Philosophy of RAID on XP & Trueimage

Discussion in 'Acronis True Image Product Line' started by md83, Nov 12, 2006.

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  1. md83

    md83 Registered Member

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    Anyone know a good website that explains Mobo RAID1 on XP?
    And answers such things as
    *the significance of F6'ing RAID drivers on install
    *what not to do with a hard drive with RAID drivers on XP
    *what can be usefully tweaked at POST

    It would be particularly good to know:
    *what not to attempt with Trueimage when RAID is installed on the HDD/XP OS

    My current mobo is ASUS A8R-MVP with ULi RAID1 on it, but my previous was ABIT/Intel which was quite different in its RAID1 setup. I have just Trueimage-transferred an image of a RAID1 XP volume a brandnew HDD without RAID1 mirror copy. Is the new Image hampered by the RAID settings in XP?
    I wrote to ASUS and was told that removing RAID1, means wiping all content of the relevant HDDs. A very chilling thought, is that really necessary?
    Being mobo RAID ignorant I may make a BIG mistake, so I'd like to change that. Thanks in advance!!!!
     
  2. MudCrab

    MudCrab Imaging Specialist

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    You try a web search for RAID setup. I'm not a RAID expert, but I have setup several computers that way.

    F6'ing RAID drivers during install is necessary when Windows does not recognize the RAID controller. In other words, no drivers, no install.

    In a hardware raid system, Windows will treat the raid array just like a hard drive. The motherboard controller takes care of everything.

    POST settings let you manage the raid array. Build new ones, change drives and update, add drives, etc.

    True Image should not have any problem imaging raid arrays in Windows as it is just like a single drive. If it is a software raid system you probably wouldn't be able to use the rescue cd.

    I don't think there should be any problems restoring a raid image to a non-raid drive unless it is a system drive (or partition). It's possible that Windows will have problems because of the RAID drivers being installed when the single-drive setup does not require it, etc. You could test it by restoring to a single drive, change the setup in the computer to non-raid (keep your raid drives safe) and see if Windows boots and runs okay.

    I wouldn't try any of this without having everything important backed up. If the raid array gets screwed up then you'll lose everything on the disks. Also, if you disable the raid array (after post) with the disks connected, I think you'll lose everything on the disks. I doubt you could re-enable it and have it access the data on the drives.

    If it were me and I was trying this, I would make the backup image of the raid array to another non-raid internal drive (don't forget to verify). Then shut down the computer and remove the raid hard drives (keep track of which is connected to which port). Install the single drive that will replace them. Start the computer and go into the BIOS and change the drive mode to AHCI or IDE or whatever the default non-RAID setting is and make sure the drive is detected and set it to be the default boot drive. Then boot from the TI rescue cd and restore the image to the new drive. Reboot and see if Windows starts and runs okay.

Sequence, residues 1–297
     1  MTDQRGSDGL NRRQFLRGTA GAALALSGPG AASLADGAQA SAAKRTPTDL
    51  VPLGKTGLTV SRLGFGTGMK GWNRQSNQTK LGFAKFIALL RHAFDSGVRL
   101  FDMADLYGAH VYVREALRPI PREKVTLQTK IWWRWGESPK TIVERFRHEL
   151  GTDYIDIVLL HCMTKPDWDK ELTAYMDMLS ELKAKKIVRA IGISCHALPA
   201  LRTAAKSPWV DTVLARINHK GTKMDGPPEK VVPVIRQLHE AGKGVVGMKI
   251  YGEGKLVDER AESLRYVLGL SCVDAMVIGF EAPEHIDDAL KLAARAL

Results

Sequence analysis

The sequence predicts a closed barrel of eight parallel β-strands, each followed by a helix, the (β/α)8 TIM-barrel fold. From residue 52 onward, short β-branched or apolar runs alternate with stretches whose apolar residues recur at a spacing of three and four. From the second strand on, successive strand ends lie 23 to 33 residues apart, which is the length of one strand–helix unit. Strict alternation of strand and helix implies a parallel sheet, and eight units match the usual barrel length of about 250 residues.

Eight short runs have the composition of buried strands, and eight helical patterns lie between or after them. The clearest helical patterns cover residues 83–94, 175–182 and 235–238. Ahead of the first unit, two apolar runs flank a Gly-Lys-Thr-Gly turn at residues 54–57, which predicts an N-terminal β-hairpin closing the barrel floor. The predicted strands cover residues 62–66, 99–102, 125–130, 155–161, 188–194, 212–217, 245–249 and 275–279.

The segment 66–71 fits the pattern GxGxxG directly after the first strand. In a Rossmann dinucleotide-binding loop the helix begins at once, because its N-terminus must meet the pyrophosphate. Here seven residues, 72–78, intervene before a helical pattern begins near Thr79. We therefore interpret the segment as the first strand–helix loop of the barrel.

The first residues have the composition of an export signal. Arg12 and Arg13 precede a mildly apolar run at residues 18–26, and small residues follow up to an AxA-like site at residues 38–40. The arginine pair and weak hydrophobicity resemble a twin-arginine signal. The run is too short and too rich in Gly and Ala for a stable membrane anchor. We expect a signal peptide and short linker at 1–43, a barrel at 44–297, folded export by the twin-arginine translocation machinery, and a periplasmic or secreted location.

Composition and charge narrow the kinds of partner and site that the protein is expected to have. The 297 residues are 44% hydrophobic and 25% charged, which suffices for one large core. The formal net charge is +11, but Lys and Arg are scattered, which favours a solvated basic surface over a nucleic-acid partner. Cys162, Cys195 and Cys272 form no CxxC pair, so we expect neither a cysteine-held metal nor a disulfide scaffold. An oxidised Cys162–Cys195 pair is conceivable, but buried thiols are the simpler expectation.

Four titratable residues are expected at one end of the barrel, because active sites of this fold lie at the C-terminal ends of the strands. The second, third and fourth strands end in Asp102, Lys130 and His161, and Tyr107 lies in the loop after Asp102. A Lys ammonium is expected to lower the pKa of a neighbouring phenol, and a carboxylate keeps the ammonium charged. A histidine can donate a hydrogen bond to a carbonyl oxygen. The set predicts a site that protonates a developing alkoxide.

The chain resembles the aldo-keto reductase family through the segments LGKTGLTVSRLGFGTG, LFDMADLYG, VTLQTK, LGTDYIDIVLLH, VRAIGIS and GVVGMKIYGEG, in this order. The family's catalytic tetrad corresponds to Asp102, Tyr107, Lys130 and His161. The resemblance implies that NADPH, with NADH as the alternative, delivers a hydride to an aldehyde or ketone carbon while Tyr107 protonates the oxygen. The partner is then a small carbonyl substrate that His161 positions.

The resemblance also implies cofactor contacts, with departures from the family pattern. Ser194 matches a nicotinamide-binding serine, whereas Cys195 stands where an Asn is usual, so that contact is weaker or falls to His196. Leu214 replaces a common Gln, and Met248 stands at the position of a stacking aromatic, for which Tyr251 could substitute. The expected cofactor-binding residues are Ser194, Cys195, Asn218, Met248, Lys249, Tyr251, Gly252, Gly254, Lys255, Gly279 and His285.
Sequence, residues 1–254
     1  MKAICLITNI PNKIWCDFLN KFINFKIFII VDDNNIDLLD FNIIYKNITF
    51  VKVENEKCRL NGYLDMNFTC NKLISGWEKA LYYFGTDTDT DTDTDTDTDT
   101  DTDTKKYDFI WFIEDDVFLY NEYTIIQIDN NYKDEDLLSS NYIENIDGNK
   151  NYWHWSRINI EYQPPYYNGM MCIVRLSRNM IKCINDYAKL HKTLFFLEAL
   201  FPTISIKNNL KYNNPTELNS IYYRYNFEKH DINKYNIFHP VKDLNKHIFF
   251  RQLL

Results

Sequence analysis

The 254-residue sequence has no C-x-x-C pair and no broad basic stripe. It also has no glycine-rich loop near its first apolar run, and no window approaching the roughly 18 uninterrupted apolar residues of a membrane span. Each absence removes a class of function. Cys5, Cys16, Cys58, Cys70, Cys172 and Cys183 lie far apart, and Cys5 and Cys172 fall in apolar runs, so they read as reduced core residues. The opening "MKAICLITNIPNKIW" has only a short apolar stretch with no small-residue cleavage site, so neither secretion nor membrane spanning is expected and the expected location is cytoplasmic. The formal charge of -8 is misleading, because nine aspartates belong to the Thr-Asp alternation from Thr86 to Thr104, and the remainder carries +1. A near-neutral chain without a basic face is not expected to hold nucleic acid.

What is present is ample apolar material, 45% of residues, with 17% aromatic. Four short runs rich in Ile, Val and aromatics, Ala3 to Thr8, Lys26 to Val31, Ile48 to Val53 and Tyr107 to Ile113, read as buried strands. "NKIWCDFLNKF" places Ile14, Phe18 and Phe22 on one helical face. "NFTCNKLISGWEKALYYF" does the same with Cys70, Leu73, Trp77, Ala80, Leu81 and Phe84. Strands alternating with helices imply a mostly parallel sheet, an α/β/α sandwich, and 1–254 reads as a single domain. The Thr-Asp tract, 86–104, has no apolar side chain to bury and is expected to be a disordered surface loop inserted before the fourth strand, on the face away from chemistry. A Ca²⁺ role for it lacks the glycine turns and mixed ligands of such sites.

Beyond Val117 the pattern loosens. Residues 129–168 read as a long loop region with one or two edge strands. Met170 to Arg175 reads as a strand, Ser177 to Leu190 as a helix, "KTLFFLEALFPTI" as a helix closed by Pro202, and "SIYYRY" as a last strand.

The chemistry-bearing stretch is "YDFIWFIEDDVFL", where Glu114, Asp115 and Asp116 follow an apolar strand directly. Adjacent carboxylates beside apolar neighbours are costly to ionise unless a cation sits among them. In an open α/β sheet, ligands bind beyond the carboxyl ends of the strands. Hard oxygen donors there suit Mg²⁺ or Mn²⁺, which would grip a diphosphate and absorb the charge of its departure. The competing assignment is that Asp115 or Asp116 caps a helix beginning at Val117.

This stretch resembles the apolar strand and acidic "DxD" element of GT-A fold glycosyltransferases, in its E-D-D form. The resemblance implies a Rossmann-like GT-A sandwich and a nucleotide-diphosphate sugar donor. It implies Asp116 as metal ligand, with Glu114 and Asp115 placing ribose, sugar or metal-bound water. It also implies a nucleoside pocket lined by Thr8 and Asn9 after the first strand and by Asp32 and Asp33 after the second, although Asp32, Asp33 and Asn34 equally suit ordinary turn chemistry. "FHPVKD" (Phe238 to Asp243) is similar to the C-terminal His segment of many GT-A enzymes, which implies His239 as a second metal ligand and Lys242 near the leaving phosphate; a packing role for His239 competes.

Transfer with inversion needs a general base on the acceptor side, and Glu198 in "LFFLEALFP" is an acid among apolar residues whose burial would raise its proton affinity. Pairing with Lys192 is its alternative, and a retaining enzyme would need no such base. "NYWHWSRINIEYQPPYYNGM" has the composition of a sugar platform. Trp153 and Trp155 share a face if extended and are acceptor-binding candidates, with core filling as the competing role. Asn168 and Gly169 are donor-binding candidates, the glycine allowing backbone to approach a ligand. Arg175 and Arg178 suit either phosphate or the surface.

If Windows works, great. Otherwise, turn off the computer and remove the new single drive. Reconnect the raid drives to the same ports they used before. Boot up and set the controller back to RAID in BIOS. Hopefully it will detect the drives and the existing raid setup on the drives will be intact.

    Again, this is just what I would try. You might lose everything on the disks so make sure you have a good backup (or even several if it's important data) before you try.

    Worse case senario, you have to reinstall Windows to the new single drive and then restore you data, etc. from the TI image.

    I think normally people replace the hardware with like hardware in case of failure. If the RAID 1 array fails you would replace the drives and restore your RAID 1 TI image to the new array.

    My advice to you would be to not mess around with it unless absolutely necessary. I happen to like messing around with computers, though.
     
  3. md83

    md83 Registered Member

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    MudCrab, many thanks for your useful suggestions. I am not as adventurous as you regarding messing around w. PCs.:ouch:
    It all brings me back to my suggestion, if we understood the philosophy then the 'messing' ought to be less, and the outcome more predictable.
    Not understanding it all fully, then at least it would be helpful knowing what not to attempt - where XP operated RAID has its shortcomings.
    And by the way I have been searching the web first, many times.
    Thanks again, I'll print out your reply, in case I do get into trouble.
    Interestingly, after a 3 hour CHKDSK execution, my XP now sees the new drive as the main drive (as I'd expect), and the 2 drives previously designated ULiRaid have been liberated with 2 separate drive letters. I never disabled RAID in the POST process, in fact I can't get into now (so I didn't need to wipe the drives clean, I hope - will 'mess around' a little more before I count my chickens)
     
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